Organology of Virtual Instruments: On the Changing Size of Air Guitars

The size of an air guitar is in flux.

For over 20 years, the official Air Guitar World Championships organization has hosted international air guitar competitions. During this time, the scale of these events has rapidly changed–from a marginal event existing alongside the Oulu music video festival to a cultural force (and source of tourism) in its own right. During this time, the spectacle of imaginary guitar playing has led to more online and in-person viewers each year. At the 20th Anniversary, one of the organizers told me they had 6,000 in-person spectators and 6,000 livestreamers, with an additional large amount of people consuming clips on YouTube after the event.

In the footage that exists of the early competitions, the crowds are significantly smaller and the stage is much more confined. People can see the facial expressions of performers. They can see the sweat on performers. They can throw beer on the performers and vice versa. The judges sit at small tables in front of the stage.

In modern day competitions, the performers have a much larger stage to work with. The judges are placed in an elevated booth nearly 20 feet from the stage. The crowds are sizable. The performers must perform in ways legible to people in the front row and home viewers. Having been to the competition in Finland twice now, I’ve heard competitors remark that certain routines that work well in small venues simply don’t translate to the big international competition stage.

Screen Shot 2017-02-13 at 3.44.30 PM.pngWhat I’d like to suggest about this trajectory is that: air guitars have gotten much bigger in the competition. You can see old competition routines, in which air guitars are relatively close to the size of real guitars. In later competitions, they’re much bigger. People must move their arms more expansively to pantomime larger guitars, simply in order to have their guitars be seen by all the viewers.

For example, take a look at this image of C-Diddy in 2003 (above), delivering what would go down as one of the most famous (and successful) competition routines. Look at the size of the air guitar. It’s quite small and close to the body. This is C-Diddy playing guitar in a somewhat “resting” pose (in other words, not doing a theatrical move). Now look at the image below of the Devil’s Niece in 2011.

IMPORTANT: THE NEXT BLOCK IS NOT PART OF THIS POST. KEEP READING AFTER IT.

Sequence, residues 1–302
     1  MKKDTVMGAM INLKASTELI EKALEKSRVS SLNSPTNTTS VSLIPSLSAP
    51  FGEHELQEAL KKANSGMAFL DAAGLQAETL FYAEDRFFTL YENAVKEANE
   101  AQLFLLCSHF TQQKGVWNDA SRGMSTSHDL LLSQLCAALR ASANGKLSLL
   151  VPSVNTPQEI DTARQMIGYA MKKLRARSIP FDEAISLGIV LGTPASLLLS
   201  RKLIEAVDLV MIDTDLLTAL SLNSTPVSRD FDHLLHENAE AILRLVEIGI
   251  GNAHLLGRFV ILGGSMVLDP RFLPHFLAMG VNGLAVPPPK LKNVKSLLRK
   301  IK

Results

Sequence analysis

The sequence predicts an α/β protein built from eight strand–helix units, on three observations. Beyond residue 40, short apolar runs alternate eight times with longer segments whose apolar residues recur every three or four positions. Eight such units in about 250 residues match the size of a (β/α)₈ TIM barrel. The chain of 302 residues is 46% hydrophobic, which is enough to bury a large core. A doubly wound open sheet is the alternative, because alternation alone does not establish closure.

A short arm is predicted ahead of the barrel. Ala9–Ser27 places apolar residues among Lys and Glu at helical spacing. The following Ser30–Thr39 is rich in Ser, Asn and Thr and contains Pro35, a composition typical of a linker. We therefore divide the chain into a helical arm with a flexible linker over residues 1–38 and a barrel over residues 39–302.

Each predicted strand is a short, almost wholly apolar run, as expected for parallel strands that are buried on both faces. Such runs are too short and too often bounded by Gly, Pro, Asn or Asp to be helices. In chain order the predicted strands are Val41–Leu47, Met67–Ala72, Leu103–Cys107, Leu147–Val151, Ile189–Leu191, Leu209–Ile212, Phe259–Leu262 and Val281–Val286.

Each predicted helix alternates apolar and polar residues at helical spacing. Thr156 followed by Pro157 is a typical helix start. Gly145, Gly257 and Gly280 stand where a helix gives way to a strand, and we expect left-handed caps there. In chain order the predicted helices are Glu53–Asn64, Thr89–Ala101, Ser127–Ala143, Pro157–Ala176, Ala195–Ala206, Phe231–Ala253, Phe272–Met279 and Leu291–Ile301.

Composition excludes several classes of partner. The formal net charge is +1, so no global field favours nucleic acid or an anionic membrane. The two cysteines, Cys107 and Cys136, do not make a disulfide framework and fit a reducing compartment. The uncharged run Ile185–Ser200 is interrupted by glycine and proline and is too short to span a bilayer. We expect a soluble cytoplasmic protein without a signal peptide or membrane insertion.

Screen Shot 2017-02-13 at 3.47.54 PM.pngThe size of the guitar appears much bigger, in some sense following in proportion with the stage. Her gestures clearly translate on the screen and in the liver performance. Her gestures are more demonstrative.

Obviously, a more extensive analysis would be needed to confirm my hypothesis. And a more precise analysis might reveal nuances related to the size of the air guitar relative to body type or style of performance.

But an organology (the study and classification of musical instruments) of this “virtual instrument” might prove interesting, particularly because it confounds so many ideologies in organological research. What are the materials of the instrument? How are the organs of the body related to the organology of the instrument? How do different countries and “schools of air guitar” play it differently? How are these instruments preserved (archive of the body)? What is their relationship to other instruments (both real and imaginary)?



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